Experiment 17



From equation (1) we see that the magnitude of the total magnetic field present at the position of the jar magnet is given by:
where: c is a constant of proportionality, which, when known, will provide a calibration of the magnitude of the magnetic field in terms of the period of the jar magnet.

The field at the center of the Helmholtz Pair is a combination of the field produced by the current in the coils and the Earth’s field, which of course is always there. The field produced by the coils is directly proportional to the current that passes through them, , where k is the proportionality constant. We can therefore write the total field as:

Combining with equation (2) leads to a straight-line relation between the reciprocal of the period squared and the current through the coils.

    The above relation illustrates that a straight line should be obtained if a plot of  against the current I, is made.

    1.    Plot  against I. Draw the best straight line through the points and find the Slope S. Enter the value in cell D67. The value of k is automatically calculated by the spreadsheet in cell D56 from the coil properties that you entered. Using this value, and the value obtained for the Slope, compute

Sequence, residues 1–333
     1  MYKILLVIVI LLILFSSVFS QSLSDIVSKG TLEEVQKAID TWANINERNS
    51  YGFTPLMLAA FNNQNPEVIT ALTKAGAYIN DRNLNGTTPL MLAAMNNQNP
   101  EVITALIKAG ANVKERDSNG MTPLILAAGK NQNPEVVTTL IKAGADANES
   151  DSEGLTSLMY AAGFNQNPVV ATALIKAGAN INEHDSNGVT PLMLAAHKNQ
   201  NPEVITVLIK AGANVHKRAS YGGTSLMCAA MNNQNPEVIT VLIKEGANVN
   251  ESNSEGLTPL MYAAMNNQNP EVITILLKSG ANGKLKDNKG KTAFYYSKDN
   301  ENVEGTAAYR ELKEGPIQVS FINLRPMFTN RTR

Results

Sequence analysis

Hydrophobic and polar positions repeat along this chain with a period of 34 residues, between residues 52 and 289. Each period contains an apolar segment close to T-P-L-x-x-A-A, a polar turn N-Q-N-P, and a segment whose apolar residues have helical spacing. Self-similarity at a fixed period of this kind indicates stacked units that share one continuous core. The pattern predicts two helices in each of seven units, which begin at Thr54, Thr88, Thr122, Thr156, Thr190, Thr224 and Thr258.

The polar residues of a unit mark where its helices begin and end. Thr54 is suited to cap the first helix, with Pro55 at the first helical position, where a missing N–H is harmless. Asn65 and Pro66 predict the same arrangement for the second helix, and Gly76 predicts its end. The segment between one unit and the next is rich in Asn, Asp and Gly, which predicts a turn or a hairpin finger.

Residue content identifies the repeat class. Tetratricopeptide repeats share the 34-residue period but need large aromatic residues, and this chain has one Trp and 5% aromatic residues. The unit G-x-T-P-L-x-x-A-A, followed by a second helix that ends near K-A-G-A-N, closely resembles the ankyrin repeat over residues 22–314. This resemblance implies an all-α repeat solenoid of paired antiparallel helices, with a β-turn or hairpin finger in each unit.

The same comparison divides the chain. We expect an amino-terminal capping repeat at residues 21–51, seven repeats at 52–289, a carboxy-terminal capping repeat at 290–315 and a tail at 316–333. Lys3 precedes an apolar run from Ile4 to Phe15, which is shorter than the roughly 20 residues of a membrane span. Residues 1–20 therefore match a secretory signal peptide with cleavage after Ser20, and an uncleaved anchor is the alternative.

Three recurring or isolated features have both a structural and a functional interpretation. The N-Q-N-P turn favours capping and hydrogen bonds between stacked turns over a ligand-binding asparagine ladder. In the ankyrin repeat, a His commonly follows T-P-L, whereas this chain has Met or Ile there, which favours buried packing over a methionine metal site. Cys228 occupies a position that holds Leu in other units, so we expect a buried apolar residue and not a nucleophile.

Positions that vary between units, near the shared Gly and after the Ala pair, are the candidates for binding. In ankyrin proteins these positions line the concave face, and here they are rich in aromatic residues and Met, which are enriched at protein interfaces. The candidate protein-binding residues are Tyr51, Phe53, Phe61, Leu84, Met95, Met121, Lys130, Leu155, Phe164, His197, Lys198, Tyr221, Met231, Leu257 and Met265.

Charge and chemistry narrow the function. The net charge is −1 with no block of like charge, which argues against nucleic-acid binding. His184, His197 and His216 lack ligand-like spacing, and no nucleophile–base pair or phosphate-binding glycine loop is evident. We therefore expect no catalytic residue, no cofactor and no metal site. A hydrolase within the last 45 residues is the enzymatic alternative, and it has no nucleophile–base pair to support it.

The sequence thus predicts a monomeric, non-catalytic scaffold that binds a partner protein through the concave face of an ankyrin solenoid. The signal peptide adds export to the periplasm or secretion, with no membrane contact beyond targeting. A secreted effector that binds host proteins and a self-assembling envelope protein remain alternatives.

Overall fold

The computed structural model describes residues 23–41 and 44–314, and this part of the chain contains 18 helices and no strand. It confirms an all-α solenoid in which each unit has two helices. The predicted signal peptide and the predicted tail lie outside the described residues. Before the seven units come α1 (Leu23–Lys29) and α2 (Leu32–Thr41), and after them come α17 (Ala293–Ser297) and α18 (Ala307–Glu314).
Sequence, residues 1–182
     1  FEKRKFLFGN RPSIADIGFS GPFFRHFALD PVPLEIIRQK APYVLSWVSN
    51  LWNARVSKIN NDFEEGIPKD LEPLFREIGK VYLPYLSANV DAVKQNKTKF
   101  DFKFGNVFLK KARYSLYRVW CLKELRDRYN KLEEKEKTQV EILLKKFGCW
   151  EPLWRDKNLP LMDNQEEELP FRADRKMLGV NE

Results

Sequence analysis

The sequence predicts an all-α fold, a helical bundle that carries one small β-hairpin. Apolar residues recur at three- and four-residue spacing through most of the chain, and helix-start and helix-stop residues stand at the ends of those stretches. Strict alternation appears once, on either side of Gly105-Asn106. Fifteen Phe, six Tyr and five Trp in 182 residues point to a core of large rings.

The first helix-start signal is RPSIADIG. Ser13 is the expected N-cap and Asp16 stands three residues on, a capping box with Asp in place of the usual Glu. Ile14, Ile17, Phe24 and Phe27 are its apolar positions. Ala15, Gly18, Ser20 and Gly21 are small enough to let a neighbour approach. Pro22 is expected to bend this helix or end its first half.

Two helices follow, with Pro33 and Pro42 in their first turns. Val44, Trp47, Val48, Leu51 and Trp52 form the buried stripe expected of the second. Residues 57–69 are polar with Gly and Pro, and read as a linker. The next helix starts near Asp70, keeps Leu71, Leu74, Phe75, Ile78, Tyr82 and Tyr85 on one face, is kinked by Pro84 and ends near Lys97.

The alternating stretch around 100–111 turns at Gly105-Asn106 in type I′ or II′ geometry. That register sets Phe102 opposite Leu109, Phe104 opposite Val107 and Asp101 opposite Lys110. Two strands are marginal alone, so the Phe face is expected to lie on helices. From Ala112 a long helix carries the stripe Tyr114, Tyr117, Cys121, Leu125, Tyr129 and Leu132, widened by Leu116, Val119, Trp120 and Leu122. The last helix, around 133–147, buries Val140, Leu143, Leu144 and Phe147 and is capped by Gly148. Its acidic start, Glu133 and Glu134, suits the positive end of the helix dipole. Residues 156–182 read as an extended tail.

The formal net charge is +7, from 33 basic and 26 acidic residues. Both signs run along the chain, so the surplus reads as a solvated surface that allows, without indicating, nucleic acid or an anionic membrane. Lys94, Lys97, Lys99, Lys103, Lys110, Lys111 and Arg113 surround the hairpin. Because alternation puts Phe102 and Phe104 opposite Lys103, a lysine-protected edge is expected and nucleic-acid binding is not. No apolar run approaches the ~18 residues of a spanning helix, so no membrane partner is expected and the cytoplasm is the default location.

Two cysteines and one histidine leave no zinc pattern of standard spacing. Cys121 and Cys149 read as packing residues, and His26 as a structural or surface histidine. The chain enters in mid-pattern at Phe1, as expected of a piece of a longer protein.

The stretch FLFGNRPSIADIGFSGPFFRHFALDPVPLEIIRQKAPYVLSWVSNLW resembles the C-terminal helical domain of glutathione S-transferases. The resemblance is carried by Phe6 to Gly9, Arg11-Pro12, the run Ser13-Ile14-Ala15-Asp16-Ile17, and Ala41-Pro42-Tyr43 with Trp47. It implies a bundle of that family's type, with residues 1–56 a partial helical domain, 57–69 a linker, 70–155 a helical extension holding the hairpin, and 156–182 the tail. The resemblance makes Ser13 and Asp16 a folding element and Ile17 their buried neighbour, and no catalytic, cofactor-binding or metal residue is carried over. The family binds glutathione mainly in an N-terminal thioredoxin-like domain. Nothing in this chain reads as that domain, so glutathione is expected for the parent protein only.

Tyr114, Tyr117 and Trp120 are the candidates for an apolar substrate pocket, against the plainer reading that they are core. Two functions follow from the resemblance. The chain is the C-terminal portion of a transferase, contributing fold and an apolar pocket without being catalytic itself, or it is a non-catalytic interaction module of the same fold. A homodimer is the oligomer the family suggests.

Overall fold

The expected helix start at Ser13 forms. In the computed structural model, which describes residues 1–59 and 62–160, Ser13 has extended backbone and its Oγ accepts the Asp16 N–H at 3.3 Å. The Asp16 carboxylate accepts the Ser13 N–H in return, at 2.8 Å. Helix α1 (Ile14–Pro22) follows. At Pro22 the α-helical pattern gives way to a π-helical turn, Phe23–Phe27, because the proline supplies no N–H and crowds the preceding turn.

, and enter the result in cell D69.

    The jar magnet is now calibrated so that the magnitude of a magnetic field in which it is placed can be determined directly from the period of oscillation by using equation (2).

    2.    From the period measured with the jar magnet in the Earth’s field alone in cell D63, use equation (2) to calculate the magnitude of the horizontal component of the Earth's magnetic field, and enter in cell D71. Compare the measured value with the value listed for your location in a handbook of physical measurements or as given by your lab instructor, and enter the percentage error in cell D73.

    3.    Submit the completed Worksheet along with the graph as part of your lab report.